what is difference between five and quintette
From English five
- IPA(key): [ˈfɑif] [sic]
- Code word for the digit 5 in the NATO/ICAO spelling alphabet
ITU/IMO code word pantafive
- Arabic numerals: 5 (see for numerical forms in other scripts)
- Roman numerals: V
From Middle English five, vif, fif, from Old English fīf (“five”), from Proto-West Germanic *fimf (“five”), from Proto-Germanic *fimf (“five”) (compare West Frisian fiif, Dutch vijf, German fünf, Norwegian and Swedish fem, Icelandic fimm), from Proto-Indo-European *pénkʷe (compare Welsh pump, Latin quinque, Tocharian A päñ, Tocharian B piś, Lithuanian penki, Russian пять (pjatʹ), Albanian pesë, pêsë, Ancient Greek πέντε (pénte), Armenian հինգ (hing), Persian پنج (panj), Sanskrit पञ्च (páñca)). Doublet of cinque, punch, pimp, and Pompeii.
The nasal *m in Proto-Germanic *fimf was lost through a sound change known as the Ingvaeonic nasal spirant law.
- enPR: fīv
- (Received Pronunciation, General American) IPA(key): /faɪv/
- (Southern American English) IPA(key): /fäːv/
- (General Australian, General New Zealand) IPA(key): /fɑev/
- Rhymes: -aɪv
- A numerical value equal to 5; the number following four and preceding six.
- Describing a group or set with five elements.
- Table of cardinal numbers 0 to 9 in various languages
five (plural fives)
- The digit/figure 5.
- He wrote a five followed by four zeroes.
- A banknote with a denomination of five units of currency. See also fiver.
- Can anyone here change a five?
- Anything measuring five units, as length.
- All the fives are over there in the corner, next to the fours.
- A person who is five years old.
- The fives and sixes will have a snack first, then the older kids.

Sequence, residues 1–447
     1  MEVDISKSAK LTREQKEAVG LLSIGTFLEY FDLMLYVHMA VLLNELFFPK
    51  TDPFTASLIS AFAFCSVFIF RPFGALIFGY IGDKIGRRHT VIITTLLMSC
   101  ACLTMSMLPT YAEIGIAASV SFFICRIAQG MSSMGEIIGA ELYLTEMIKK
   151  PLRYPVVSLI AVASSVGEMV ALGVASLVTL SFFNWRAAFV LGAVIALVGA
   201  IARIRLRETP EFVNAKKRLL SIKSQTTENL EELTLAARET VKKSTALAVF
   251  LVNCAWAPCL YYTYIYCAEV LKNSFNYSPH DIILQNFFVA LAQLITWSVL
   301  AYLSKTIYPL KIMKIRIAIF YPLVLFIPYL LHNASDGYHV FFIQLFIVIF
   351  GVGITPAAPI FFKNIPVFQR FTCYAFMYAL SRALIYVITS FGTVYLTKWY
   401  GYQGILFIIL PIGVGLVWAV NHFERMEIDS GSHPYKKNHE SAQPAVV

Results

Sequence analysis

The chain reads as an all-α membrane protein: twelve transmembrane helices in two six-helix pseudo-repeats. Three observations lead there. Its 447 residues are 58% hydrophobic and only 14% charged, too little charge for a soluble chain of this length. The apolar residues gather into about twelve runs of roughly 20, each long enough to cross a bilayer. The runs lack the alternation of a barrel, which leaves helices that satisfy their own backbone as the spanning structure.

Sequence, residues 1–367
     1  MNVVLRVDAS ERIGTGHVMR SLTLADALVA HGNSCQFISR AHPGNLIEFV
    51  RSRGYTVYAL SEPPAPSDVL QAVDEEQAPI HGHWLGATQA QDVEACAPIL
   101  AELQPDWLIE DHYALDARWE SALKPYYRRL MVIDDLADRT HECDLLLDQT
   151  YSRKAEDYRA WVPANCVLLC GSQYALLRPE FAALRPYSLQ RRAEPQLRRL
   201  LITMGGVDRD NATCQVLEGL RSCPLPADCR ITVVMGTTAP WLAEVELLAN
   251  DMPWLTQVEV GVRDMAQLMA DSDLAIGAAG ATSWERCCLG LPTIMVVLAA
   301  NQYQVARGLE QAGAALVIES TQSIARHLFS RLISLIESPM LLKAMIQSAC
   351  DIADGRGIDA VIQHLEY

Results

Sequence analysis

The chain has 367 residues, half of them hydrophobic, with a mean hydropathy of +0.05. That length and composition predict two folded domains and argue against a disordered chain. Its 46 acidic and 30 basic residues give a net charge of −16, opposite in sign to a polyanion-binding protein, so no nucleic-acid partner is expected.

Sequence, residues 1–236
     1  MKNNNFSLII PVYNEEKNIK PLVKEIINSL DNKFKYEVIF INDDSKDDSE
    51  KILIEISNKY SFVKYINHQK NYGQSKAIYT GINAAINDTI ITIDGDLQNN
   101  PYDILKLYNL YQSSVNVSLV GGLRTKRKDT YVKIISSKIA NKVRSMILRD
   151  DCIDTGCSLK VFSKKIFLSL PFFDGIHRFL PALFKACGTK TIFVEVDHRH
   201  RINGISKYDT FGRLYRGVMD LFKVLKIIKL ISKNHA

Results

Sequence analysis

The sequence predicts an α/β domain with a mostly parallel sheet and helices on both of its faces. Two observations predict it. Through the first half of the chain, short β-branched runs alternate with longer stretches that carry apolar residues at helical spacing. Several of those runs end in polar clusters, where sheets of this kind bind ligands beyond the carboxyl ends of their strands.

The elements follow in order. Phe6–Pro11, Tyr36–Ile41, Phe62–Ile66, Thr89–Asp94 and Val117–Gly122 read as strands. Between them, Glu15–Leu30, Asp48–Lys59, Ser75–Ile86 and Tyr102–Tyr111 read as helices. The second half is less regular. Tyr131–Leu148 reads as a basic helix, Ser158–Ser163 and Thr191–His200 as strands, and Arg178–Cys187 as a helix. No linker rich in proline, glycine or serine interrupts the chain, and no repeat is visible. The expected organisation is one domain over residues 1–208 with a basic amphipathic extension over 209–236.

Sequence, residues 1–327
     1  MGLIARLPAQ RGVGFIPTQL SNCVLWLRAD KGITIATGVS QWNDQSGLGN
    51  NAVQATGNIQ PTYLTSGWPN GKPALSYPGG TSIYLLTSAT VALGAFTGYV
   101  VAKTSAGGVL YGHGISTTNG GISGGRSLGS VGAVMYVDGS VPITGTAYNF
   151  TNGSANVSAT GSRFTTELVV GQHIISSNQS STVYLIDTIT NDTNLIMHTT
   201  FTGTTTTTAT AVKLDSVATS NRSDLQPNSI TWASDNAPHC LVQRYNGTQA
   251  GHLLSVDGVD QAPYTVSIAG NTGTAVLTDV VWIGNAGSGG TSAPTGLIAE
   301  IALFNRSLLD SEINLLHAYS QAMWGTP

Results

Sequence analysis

- Five o’clock.
- See you at five.
- A short rest, especially one of five minutes.
- Take five, soldier.
- (basketball) A basketball team, club or lineup.
- fife, fif, vif, fyve
From Old English fīf, from Proto-West Germanic *fimf, from Proto-Germanic *fimf, from Proto-Indo-European *pénkʷe.
Though Old English fīf was usually indeclinable, inflected forms of it are far from unknown. Forms with final -v- originate from intervocalic voicing in these inflected forms.
- IPA(key): /fiːf/, /fiːv/
- English: five
- Scots: five, fif, fife, fyve
- Yola: veeve
- “fīve, card. num.”, in MED Online, Ann Arbor, Mich.: University of Michigan, 2007.
From Middle English five, from Old English fīf, from Proto-Germanic *fimf, from Proto-Indo-European *pénkʷe.
- IPA(key): /faiːv/
- (Dundee) IPA(key): /fɛv/
- fift (“fifth”)
- fifty (“fifty”)
From Old French fievre, from Latin febris, from Proto-Italic *fexʷris, from Proto-Indo-European *dʰegʷʰris. Cognates include French fièvre and Norman fièvre.
- IPA(key): /fiːf/
five f (plural fives)
- Simon Stasse (2004) Dictionaire Populaire de Wallon Liegeois, Société Royale Littéraire “La Wallonne”
quintette (plural quintettes)
- Alternative spelling of quintet A composition for five voices or instruments; also, the set of five persons who sing or play five-part music.
quintette m (plural quintettes)
- quintet; A composition for five voices or instruments
- quintet; the set of five persons who sing or play five-part music.
- “quintette” in Trésor de la langue française informatisé (The Digitized Treasury of the French Language).